Epic Games' MegaGrants program has given out more than $42 million so far

The initiative is a way for Epic to "pay it forward," says MegaGrants director Jeff Peres.

This week, Epic Games announced that it had closed a new round of funding that will result in a $1.8 billion injection into the company. Additionally, Epic has received a valuation of roughly $17.3 billion following investments from Sony, Baillie Gifford, Lightspeed Venture Partners, and many others.

“Having the support of leaders in the financial community accelerates Epic’s efforts to build a new kind of digital ecosystem using real-time 3D technology, services that connect hundreds of millions of people, and a digital storefront that offers a fair business model. We are delighted to have them as part of the Epic family,” Epic CEO Tim Sweeney said in a statement.

Exact details on how the funds will be utilized are unavailable, but it’s not unrealistic that at least some of the investment will make its way into Epic’s MegaGrants program. Launched last year, it’s an initiative aimed at supporting the projects of up-and-coming developers. Epic has pledged $100 million as part of the MegaGrants program, and has so far given out more than $42 million in assistance according to an announcement.

“Inspired by the tremendous impact of the Unreal Dev Grants program, Epic MegaGrants was born out of our desire to further our support of the creative community enhancing open-source capabilities for the 3D graphics communities,” Jeff Peres, director of the MegaGrants program, told GameDaily. “MegaGrants allows Epic to pay it forward in a sense, and allows our company to use a portion of our success to provide financial freedom to those around the world making amazing things, without having to give up their intellectual property or overcome significant obstacles.”

The MegaGrants program is aimed at more than just video games; anything that utilizes the Unreal Engine is eligible for funding, according to the program’s FAQ. The goal, Peres said, is to foster creativity in all forms of media, a goal that is in-line with Epic’s push to build out a metaverse.

For Peres, one of the reasons the MegaGrants program is so important is the uncertainty brought about by the ongoing COVID-19 pandemic. Traditional development environments have been hamstrung by stay-at-home orders, which has added another layer to the already-stressful development industry. By providing funding through MegaGrants, Peres hopes that Epic can provide at least a little peace of mind.

“We know that teams are continuing to adjust to virtual development models that allow people to sustain work through the pandemic,” he explained. “This requires adjusting lots of traditional in-person workflows. MegaGrants funding helps reduce the financial strain for recipients. Separately, developers are sometimes unable to take big creative risks due to the costs associated with R&D. We want to help minimize that risk through MegaGrants.”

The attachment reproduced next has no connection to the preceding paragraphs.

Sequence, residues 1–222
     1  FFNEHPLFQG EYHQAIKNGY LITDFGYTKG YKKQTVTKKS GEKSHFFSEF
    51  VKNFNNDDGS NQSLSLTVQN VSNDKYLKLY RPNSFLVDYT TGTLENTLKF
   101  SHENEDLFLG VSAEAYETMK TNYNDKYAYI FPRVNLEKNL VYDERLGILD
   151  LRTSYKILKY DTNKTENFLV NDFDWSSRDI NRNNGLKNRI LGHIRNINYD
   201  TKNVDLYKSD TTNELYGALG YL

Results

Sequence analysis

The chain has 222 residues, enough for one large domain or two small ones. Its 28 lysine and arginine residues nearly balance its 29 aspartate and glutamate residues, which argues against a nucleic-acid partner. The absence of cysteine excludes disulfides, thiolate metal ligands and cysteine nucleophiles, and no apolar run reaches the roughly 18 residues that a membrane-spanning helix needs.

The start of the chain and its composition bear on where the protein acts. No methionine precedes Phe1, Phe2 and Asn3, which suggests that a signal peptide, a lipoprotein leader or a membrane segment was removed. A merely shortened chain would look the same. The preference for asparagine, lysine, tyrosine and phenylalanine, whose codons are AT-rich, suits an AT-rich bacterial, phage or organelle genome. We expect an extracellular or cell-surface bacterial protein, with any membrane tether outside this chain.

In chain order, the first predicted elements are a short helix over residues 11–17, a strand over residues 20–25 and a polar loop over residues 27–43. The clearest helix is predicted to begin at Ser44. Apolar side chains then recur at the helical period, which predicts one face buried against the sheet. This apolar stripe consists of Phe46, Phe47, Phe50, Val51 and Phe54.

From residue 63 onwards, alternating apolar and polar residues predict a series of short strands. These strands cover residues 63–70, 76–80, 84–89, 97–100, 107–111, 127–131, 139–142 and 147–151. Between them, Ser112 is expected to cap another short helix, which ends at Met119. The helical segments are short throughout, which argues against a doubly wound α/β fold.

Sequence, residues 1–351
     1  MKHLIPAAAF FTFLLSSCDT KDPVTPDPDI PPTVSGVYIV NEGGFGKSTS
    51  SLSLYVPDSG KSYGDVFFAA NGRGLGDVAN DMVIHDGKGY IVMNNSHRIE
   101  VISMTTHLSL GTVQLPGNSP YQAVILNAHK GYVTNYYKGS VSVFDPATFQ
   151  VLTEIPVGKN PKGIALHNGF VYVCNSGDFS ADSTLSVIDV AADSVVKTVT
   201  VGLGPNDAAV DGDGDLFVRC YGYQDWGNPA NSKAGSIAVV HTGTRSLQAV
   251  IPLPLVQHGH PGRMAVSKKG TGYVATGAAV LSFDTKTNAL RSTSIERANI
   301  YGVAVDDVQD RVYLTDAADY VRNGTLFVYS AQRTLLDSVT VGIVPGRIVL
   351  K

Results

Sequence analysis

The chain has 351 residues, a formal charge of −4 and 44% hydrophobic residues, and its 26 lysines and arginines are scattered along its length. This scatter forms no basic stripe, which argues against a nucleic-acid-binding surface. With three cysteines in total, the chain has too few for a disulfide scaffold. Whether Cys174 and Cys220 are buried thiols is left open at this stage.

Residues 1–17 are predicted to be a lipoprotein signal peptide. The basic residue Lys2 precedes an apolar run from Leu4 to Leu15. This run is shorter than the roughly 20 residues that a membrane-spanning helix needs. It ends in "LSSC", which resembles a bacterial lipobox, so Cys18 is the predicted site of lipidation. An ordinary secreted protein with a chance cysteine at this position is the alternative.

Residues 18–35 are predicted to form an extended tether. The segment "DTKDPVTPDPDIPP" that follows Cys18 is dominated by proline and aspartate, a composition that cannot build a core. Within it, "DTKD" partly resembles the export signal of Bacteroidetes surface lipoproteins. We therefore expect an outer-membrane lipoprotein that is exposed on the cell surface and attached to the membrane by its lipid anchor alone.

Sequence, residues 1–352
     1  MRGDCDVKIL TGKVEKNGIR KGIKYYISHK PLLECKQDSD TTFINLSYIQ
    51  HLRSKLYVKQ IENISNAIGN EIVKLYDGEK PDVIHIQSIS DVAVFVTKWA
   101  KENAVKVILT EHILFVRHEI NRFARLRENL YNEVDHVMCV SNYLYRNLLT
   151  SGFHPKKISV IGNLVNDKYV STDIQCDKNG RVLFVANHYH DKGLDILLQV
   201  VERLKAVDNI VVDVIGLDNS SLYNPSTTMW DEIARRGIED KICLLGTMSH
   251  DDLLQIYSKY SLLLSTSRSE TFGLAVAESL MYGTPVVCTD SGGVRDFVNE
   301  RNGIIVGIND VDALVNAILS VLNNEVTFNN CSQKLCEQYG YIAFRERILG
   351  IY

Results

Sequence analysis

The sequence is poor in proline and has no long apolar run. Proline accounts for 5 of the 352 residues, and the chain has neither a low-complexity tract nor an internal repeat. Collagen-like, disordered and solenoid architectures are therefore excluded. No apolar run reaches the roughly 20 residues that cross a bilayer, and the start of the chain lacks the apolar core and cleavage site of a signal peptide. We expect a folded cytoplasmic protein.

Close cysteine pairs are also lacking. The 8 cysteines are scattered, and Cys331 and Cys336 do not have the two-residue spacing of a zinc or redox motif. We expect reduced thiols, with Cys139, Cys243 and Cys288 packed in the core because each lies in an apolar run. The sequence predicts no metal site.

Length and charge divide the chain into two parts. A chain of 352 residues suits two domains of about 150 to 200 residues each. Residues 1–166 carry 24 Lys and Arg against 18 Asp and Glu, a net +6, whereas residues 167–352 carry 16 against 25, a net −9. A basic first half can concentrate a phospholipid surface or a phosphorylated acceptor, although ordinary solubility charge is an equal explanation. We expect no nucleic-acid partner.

Peres said that the process of selecting recipients for the grants was designed to be as streamlined and non-intrusive as possible. The criteria for choosing candidates involves the nature of the developer’s project, and its potential impact on the dev community.

“In brief, we’re generally looking for projects that have promise, maintain viable development and release strategies, and there are bonus points for those who give back to the development community by going open source,” Peres said. “We also leverage subject matter experts within Epic to make the best recommendations based on our criteria. These recommendations are vetted through various groups until we can reach a decision.”

Peres said that projects that are initially rejected aren’t necessarily out of the running for funding, and that devs are encouraged to reapply even if they aren’t successful at first.

“We know that projects are often a marathon and not a sprint,” Peres said.

One of Peres’ long-term goals for the MegaGrants program is to grow the Unreal ecosystem and bolster the number of developers who use the game creation engine. 

 “We have a number of goals for the future. To start, we want to continue serving our recipients by leveraging opportunities within the Epic ecosystem and our partners,” he said. “A good example of this can be found in our collaborations with Magic Leap and AMD, where we’re offering select recipients access to Magic Leap 1 devices and powerful AMD Ryzen 7 3800X processors.”

When asked what projects in the MegaGrants program he was most looking forward to, Peres pointed to F.I.S.T., Infintesimals, and Last Days of Snow, among others.

The development industry is notoriously harsh, pandemic notwithstanding, so it’s nice to see an enormous corporation like Epic Games use its sizable pocketbook and influence to help up-and-coming developers. The MegaGrants program is a respectable initiative that benefits all parties involved, and it will be interesting to track what kind of projects emerge from it.

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Editor-in-Chief

Sam, the Editor-in-Chief of GameDaily.biz, is a former freelance game reporter. He's been seen at IGN, PCGamesN, PCGamer, Unwinnable, and many more. When not writing about games, he is most likely taking care of his two dogs or pretending to know a lot about artisan coffee. Get in touch with Sam by emailing him at sam.desatoff@gamedaily.biz or follow him on Twitter.